This week I’m in Arizona on vacation. What I mean by “vacation” is: I’m not at a conference and adding on a couple of days of travel, and I’m not visiting any relatives (I’m off the hook, as I have no relatives in Arizona). I’m in a place of my own choosing, engaging in non-pre-planned leisure activities. I’m staying at a luxurious (to me) hotel in Scottsdale, The Hotel Valley Ho.
On my imaginary fitness vacation, I was going to take advantage of the 3-hour time change from Boston to transform me into an early morning activity person. Imaginary early-morning-Catherine had big plans:
- daily hikes 7–9/10am (because of the extreme heat– 95F/35C by 10am).
- back-to-back yoga classes afterward, ending around 1pm.
- hanging out at the pool under an umbrella, reading my kindle.
- Minimum work tasks done (no more than 30 mins/day).
- heading out mid-afternoon to museums in the area.
- Early evening laps in the pool, followed by easy yoga before bed at 10pm.
Let’s examine these in order. First, daily 7am hikes.
Here’s where I imagined spending the 7–9am slot:
Here’s where I actually spent the 7–9am slot.
I did a lot of resting, lolling, internet surfing, idle reading. I even ordered room service breakfast one morning. Lucious.
What about those yoga classes? I did do back-to-back yoga classes the first day. I got reacquainted with kundalini; it was hard but interesting. Then there was a one-hour yoga nidra with sound healing. What is sound healing? Someone plays gongs (very cool) and crystal bowls (less cool to me) and talks in a quiet voice. For an hour.
I imagined this experience creating blissfulness. Instead, I spent the whole yoga nidra class lying on the mat, thinking about lunch. Pro tip: don’t do a yoga nidra/sound journey class while hungry. There were no repeats of this plan.
What about pool lounging? How did that go in reality? Here’s the pool I thought I would find fun for chilling out.
Instead, after lunch, I chilled out here and here:
Honestly, I did work in my room during the heat of the day. I’m teaching an online logic class for summer school, and the students require care and feeding each day. I knew this when I went on vacation, but in the imaginary version, this work took only about 10–15 minutes a day. On my real vacation, it took 1–1.5 hours. There was also some end-of-fiscal-year paperwork to do, which always takes about 4 times as long as I expect. No biggie– it’s what real life is like.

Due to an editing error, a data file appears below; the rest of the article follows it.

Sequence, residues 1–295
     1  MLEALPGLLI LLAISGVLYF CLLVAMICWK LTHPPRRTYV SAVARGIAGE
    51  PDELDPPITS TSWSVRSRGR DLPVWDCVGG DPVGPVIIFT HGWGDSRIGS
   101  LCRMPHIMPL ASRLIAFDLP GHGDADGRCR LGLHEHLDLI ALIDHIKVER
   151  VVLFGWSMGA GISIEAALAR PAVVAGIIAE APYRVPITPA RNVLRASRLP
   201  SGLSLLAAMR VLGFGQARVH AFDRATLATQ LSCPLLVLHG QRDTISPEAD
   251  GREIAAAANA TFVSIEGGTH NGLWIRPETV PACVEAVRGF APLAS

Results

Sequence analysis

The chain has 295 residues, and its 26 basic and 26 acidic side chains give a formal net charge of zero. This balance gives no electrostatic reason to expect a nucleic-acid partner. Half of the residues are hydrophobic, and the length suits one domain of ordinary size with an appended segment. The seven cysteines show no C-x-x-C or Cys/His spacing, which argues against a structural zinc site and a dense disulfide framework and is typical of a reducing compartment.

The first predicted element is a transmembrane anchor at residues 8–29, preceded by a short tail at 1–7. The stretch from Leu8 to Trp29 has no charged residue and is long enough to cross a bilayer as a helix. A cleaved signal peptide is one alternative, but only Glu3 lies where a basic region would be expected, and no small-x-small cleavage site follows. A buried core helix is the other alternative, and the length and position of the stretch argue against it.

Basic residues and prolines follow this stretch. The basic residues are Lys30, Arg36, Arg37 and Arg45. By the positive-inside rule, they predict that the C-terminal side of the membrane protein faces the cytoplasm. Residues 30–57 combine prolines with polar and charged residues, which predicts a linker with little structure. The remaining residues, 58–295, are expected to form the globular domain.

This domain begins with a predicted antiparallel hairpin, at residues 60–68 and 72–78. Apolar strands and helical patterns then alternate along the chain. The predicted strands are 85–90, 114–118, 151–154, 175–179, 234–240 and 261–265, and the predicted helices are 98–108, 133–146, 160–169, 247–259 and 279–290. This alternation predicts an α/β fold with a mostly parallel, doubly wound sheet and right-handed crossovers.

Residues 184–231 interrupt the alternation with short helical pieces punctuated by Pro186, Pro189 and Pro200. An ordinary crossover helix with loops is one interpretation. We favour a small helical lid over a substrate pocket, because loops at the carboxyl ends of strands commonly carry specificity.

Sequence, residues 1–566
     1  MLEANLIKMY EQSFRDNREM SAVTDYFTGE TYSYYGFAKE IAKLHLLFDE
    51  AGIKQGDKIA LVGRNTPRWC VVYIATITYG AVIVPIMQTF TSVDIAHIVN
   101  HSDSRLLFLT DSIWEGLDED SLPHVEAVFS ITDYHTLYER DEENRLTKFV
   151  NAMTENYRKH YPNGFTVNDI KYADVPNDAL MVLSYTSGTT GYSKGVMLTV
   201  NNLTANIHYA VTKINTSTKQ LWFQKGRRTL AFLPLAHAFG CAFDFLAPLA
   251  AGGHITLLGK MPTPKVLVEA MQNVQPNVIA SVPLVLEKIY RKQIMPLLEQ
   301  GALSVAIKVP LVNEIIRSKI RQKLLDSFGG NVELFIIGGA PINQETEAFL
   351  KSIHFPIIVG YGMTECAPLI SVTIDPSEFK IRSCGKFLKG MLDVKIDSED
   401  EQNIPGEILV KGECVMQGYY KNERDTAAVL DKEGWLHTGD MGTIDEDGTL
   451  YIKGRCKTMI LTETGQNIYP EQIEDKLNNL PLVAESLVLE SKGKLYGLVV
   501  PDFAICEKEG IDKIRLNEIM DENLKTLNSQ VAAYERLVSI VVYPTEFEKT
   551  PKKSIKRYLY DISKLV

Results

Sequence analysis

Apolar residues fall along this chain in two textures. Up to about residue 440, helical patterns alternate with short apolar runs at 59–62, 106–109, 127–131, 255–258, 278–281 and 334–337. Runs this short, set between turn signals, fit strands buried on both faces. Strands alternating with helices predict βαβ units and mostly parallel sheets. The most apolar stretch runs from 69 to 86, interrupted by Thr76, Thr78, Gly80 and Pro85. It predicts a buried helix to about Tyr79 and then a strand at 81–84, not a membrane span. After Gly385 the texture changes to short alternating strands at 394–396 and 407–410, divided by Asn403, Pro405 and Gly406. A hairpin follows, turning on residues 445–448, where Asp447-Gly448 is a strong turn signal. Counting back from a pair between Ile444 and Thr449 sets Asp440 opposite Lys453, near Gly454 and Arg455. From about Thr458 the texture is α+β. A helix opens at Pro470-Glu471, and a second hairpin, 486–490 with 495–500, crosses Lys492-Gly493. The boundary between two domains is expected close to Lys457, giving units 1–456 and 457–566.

I also found the big pool area too loud, too hot, and too public for me. I really wanted a retreat from the world, which surprised me. But I was lucky in that I had a retreat– the above-pictured spaces. I read and napped and worked some and chatted on the phone (yes, I’m an outlier who uses phones for real-time voice communication). It was great.
What about those museum trips? Not so much. I did go to Taliesin West, Frank Lloyd Wright’s western desert home. It is marvelous and I highly recommend it. But I didn’t make it to other museums. In the end, I preferred meeting up with some friends in the area for drinks and early dinner. It was so much fun, hanging out and laughing and talking and eating super yummy southwest Mexican food.
Okay, fine. I needed a rest, and I got one despite my imaginary vacation plans. But what about the evening pool laps? Did I do those?
Yes, after a fashion. I went to the other pool 2 of the 3 nights I was there. I had the place all to myself, and there was no music, no bar, no nothing. Just me, palm trees, water, dark sky, and stars. I did lazy laps, and lots of floating. Here are a bunch of pics. The water in real life is blue, but my iphone preferred purple. Hey, no problem– it accurately reflects the cosmic grooviness of my swim experiences.
This pool was one of my favorite vacation experiences ever. It was relaxing, quiet, sublime. yes, I did some laps– at a chill lazy pace– followed by lots of floating. Ahhhh.
I learned a good lesson this week: sometimes, we need a vacation from everything, including our own vacation plans. What I ended up doing was so satisfying– I rested, I read, I swam and floated, I yoga-ed a bit, and I took a lot of photographs. So much fun.
The second half of my Arizona vacation is a trip to the Grand Canyon and Sedona with friends and their three kids. It will be more active, less spontaneous, and certainly less quiet. I’m ready, having rested well on my real vacation here.
Readers– do you plan imaginary vacations and actually do them? Do you change plans a lot? Ever? Never? What counts as a real vacation for you? I’d love to hear from you.